This paper presents an analysis of three area-based initiatives’ in a stigmatized neighborhood of Naples (Scampia). It is based on ethnographic material collected between 2013 and 2014. We focus on the relationship between territorial stigmatisation and local actors within these initiatives.The aim is: to contribute to the debate on the «coping» strategies that the local actors of a disadvantaged territory put in place with respect to the stigma of their context; to broaden the framework of the debate on the processes of commodification of stigma. Finally, this contribution could also add to the debate surrounding the effects of area-based initiative.
Cranial lymphatic vessels (LVs) are involved in the transport of fluids, macromolecules and central nervous system (CNS) immune responses. Little information about spinal LVs is available, because these delicate structures are embedded within vertebral tissues and difficult to visualize using traditional histology. Here we show an extended vertebral column LV network using three-dimensional imaging of decalcified iDISCO+-clarified spine segments. Vertebral LVs connect to peripheral sensory and sympathetic ganglia and form metameric vertebral circuits connecting to lymph nodes and the thoracic duct. They drain the epidural space and the dura mater around the spinal cord and associate with leukocytes. Vertebral LVs remodel extensively after spinal cord injury and VEGF-C-induced vertebral lymphangiogenesis exacerbates the inflammatory responses, T cell infiltration and demyelination following focal spinal cord lesion. Therefore, vertebral LVs add to skull meningeal LVs as gatekeepers of CNS immunity and may be potential targets to improve the maintenance and repair of spinal tissues.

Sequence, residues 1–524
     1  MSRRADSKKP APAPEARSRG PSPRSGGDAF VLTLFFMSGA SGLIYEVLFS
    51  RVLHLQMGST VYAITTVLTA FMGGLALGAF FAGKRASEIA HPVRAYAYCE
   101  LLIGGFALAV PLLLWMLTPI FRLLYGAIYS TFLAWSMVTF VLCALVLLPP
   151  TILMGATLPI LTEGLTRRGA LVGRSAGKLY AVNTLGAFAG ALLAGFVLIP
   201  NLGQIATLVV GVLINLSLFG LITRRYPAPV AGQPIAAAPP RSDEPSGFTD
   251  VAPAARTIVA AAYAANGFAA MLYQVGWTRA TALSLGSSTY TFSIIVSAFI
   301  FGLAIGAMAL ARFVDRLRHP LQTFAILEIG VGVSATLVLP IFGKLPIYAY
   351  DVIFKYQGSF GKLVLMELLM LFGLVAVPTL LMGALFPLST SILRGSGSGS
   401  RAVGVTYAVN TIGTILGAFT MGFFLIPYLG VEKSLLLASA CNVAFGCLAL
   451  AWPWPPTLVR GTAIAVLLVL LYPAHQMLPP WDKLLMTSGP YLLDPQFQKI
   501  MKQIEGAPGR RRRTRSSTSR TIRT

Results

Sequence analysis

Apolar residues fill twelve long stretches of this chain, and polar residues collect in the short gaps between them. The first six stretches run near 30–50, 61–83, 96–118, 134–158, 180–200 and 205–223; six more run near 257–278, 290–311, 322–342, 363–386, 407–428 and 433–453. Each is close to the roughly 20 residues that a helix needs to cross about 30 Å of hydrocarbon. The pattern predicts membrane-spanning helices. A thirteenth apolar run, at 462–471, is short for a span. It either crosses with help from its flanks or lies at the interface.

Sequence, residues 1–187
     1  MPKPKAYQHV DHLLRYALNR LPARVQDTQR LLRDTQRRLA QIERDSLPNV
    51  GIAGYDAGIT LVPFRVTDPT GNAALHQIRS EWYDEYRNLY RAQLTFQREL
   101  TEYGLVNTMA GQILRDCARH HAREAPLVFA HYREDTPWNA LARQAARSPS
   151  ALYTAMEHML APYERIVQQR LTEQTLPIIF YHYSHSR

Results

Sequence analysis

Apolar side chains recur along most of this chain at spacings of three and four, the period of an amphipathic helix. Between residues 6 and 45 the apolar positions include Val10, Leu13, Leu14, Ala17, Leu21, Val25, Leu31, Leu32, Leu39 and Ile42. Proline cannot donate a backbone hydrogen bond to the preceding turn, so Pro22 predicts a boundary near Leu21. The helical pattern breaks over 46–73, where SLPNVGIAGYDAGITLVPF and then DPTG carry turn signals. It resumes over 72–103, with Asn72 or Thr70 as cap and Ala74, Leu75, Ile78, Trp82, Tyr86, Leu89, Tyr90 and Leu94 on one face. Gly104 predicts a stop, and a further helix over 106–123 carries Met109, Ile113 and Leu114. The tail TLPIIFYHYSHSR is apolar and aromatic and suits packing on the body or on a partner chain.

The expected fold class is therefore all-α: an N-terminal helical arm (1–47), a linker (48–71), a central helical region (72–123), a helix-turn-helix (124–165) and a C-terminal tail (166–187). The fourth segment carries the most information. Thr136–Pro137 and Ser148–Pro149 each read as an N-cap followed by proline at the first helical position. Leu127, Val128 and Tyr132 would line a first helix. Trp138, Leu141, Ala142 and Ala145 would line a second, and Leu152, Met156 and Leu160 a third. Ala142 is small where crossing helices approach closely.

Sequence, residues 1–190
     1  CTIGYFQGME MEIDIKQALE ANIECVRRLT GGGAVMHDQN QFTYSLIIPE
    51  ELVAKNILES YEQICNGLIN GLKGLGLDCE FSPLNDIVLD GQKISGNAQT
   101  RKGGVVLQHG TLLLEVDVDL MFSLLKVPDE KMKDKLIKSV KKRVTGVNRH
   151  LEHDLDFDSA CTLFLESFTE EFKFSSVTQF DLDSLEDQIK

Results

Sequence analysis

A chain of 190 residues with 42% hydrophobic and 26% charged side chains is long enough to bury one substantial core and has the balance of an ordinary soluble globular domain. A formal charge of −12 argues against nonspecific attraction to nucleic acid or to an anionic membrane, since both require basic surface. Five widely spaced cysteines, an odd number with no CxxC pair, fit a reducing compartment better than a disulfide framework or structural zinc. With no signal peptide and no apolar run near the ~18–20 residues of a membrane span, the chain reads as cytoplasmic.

Kampung Sruni is an urban settlement located in the Dieng plateau region, Wonosobo Regency, Central Java. Along with population growth, new house buildings have been being constructed. Unfortunately, these new houses are being built with a lack quality of planning: the availability of green space, natural air circulation, natural lighting, and material. Improving the conditions of houses with urban acupuncture pattern seems to be the most respectful way. Three site locations are chosen—according to the different contexts of topography and surrounding neighborhood. On these sites, houses are designed specifically to each site context. However, these houses have same design logic. The tropicality is emphasized by arrangement of space elements—wall, openings, and materials—to obtain fresh air circulation and natural lighting penetration along the day. Another important idea is to put large enough space to generate family's economy: to be freely used for shop, workshop, gallery, even guest house.